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Born in New Jersey in 1974, the artist formerly known as Brian Donnelly adopted the name KAWS as a teenager, using the moniker as his graffiti tag of choice. The name itself has no real significance, other than Donnelly simply liking the way the four characters look next to each other.
After attending St. Anthony High School in his native Jersey City, KAWS enrolled in the New York School of Visual Arts to study illustration, graduating in 1996. From there, he applied what he learned from his degree to drawing backgrounds for animated movies and TV shows like Nickelodeon’s Doug, MTV’s Daria and the Disney classic 101 Dalmatians. However, he never stopped working with an aerosol, and KAWS’ tags and figures were regularly seen on bus stops and billboards across the Big Apple.
Thanks to his love and talent for animation, cartoon characters become a mainstay of KAWS’s art. It also led to Japanese toy and fashion brand Bounty Hunter commissioning him to design his own range of vinyl figurines for the first time in 1999. These were based on the characters he had begun to incorporate into his tagging, most notably Companion — a version of Mickey Mouse with X’s over his eyes.
The figurines were hugely popular, and it wasn’t long before he began exhibiting both the toys he had designed, and his more traditional canvas-based artwork, beginning at the Parisian boutique Colette. In the last two decades, KAWS’ artwork has been shown in galleries across the world, and been incorporated into collaborative clothing lines with the likes of Uniqlo, Nike, and A Bathing Ape.
His work has also performed exceptionally well at auction, with his most expensive piece selling in 2019 for $14.8 million. The piece, entitled The KAWS Album was a bastardized version of The Yellow Album, a Simpsons soundtrack record whose cover was itself a homage to The Beatles’ iconic Sgt. Pepper album art, and commissioned by Japanese fashion designer Nigo in 2005.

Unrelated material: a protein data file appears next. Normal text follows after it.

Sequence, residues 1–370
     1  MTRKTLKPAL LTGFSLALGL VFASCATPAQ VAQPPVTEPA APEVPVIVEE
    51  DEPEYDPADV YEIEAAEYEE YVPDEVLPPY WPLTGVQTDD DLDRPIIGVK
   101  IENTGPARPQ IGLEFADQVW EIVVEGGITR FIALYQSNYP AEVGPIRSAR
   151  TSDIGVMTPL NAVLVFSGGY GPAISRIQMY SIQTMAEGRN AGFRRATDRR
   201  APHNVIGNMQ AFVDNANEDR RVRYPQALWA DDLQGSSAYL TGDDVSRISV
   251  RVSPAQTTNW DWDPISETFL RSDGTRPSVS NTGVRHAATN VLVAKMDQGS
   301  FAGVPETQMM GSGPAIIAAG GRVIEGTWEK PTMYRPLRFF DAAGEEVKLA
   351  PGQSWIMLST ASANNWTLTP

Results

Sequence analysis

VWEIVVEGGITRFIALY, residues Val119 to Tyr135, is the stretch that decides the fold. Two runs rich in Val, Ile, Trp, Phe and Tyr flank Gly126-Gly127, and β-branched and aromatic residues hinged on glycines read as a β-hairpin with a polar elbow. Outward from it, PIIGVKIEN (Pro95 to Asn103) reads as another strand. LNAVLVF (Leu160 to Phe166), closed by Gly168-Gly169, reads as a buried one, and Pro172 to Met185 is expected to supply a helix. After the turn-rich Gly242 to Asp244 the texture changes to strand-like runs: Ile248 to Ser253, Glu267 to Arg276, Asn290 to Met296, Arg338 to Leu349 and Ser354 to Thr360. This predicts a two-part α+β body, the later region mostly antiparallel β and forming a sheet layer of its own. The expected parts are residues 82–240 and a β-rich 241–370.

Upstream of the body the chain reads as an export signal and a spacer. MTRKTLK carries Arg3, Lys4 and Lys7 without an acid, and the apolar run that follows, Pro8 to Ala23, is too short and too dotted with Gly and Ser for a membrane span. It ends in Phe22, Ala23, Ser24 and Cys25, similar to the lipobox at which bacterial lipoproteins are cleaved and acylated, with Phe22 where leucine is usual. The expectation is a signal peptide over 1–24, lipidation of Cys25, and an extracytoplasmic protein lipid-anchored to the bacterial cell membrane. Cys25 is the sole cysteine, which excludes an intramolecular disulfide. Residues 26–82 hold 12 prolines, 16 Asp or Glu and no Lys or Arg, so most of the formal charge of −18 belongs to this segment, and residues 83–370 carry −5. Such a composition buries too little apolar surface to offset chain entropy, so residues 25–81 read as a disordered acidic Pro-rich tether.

Taking inspiration from the likes of Andy Warhol, Jeff Koons, and Keith Haring, KAWS’ most famous art is arguably the collection of characters he has immortalized as figurines. Using globally-renowned cartoons as a starting point — such as his Kimpsons range of Simpsons-inspired characters — his work skewers the line between capitalism and fine art. This is probably best represented by the traffic following the announcement of one such line of toys being put up for sale by the Museum of Modern Art, New York, which caused the website to crash.
His figures go beyond mere toys in terms of both size and prestige, though. KAWS was tapped to design the awards for MTV’s 2013 Video Music Awards, and one of his Companion characters became the blueprint for a balloon in the previous year’s Macy’s Thanksgiving Parade. Another of KAWS’ Companions even appeared as a 121-foot balloon, serving as an installation at Hong Kong harbor as part of the country’s Basel art fair.